Eastern Catholic Churches

In the Eastern Catholic Churches which use the Byzantine Rite, the order of subdeacon is the highest of the minor orders and its functions are equivalent to those of Orthodox subdeacons.[citation needed]

Subdeacons in the Anglican Church

Whilst the office of subdeacon was not included in the Orders of Clergy when the Church of England was established during the 16th century, certain churches and communities in the Anglican Communion and within the Anglican Continuing Churches assign a layperson to act as subdeacon in the celebration of the liturgy of the Holy Communion (especially Solemn High Mass). However, this is considered a liturgical function one fulfills and not an order to which one is ordained. In some dioceses and provinces, laypersons who act as subdeacons in this manner may be required to be specifically authorised by the respective bishop or archbishop. In practice, an Anglican subdeacon performs similar roles to those performed in Latin Catholic or Western Rite Orthodox churches. The proper garments of the subdeacon are the alb and tunicle.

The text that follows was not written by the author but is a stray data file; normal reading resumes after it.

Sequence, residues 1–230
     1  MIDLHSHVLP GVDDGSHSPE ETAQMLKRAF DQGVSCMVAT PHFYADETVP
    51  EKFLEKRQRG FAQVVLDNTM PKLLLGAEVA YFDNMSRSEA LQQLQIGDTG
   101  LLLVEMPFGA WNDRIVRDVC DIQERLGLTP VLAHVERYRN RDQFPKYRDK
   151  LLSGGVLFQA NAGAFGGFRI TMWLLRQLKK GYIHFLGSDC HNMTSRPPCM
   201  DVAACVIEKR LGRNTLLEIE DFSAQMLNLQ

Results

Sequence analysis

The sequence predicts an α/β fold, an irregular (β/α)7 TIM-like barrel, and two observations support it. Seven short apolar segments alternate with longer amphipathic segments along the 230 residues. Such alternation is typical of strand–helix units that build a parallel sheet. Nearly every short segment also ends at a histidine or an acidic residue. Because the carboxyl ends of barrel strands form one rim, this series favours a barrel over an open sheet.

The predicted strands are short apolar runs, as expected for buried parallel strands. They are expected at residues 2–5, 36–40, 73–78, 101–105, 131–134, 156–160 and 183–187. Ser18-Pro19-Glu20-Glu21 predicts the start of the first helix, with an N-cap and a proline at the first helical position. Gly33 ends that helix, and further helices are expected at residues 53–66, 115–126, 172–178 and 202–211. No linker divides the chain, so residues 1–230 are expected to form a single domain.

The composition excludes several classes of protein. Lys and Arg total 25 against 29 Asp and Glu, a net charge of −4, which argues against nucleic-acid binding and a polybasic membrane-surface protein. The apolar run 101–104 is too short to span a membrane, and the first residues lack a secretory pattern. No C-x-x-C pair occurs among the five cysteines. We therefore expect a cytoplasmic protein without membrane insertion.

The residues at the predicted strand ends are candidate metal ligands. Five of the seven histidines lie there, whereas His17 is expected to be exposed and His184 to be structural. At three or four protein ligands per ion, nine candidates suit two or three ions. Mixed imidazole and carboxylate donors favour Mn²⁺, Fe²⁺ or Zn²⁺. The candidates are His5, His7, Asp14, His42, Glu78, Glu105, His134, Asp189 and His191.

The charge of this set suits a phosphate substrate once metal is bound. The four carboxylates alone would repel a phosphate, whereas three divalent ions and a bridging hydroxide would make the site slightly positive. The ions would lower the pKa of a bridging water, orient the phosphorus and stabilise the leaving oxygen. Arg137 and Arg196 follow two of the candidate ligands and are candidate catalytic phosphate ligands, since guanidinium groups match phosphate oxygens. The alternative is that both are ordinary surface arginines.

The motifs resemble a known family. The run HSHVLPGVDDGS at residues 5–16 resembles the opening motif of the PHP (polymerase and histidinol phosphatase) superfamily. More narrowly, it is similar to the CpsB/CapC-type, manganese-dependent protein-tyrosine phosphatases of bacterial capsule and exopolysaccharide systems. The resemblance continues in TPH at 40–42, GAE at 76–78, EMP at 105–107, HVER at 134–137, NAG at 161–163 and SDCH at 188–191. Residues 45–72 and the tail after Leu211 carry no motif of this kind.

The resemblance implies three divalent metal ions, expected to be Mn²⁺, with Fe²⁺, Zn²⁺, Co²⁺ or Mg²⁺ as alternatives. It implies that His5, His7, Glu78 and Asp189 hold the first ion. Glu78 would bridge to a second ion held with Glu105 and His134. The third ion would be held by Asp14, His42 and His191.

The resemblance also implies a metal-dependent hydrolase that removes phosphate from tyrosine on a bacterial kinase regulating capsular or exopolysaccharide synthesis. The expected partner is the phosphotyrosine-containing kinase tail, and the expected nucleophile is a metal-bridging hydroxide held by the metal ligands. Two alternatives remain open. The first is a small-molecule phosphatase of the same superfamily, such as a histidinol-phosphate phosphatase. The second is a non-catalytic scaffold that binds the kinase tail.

1. ^ Apostolic Canon 26, Canons 3 and 6 of the 6th Ecumenical Council
  2. ^ Canon 15 of the 6th Ecumenical Council
  3. ^ "SVS: 2004 Feast of Three Hierarchs' Chapel / DSC_0061.JPG". Archived from the original on 2006-09-12. Retrieved 2006-01-12.
  4. ^ The Great Book of Needs, Volume II, (St Tikhon's Seminary Press MM)
  5. ^ A Subdeacon's Manual (Archdeacon Kirill Sokolov MMIV)
  6. ^ The Hierarchical Divine Liturgy of St John Chrysostom (New Sarov Press, MCMXCV)
  7. ^ Pope Paul VI, Ministeria quaedam
  8. ^ The 1917 edition of the Catholic Encyclopedia
  9. ^ Church, Catholic (1833). The Catechism of the Council of Trent. p. 288.
  10. ^ Code of Canon Law, canon 1009 §1
  11. ^ Concordance of use of the term "orders" in the Code of Canon Law
  12. ^ Catechism of the Catholic Church, The Three Degrees of the Sacrament of Holy Orders
  13. ^ Ministeria quaedam, II
  14. ^ Ex Quo Primum, n. 42, citing the Canon of Laodicea XXV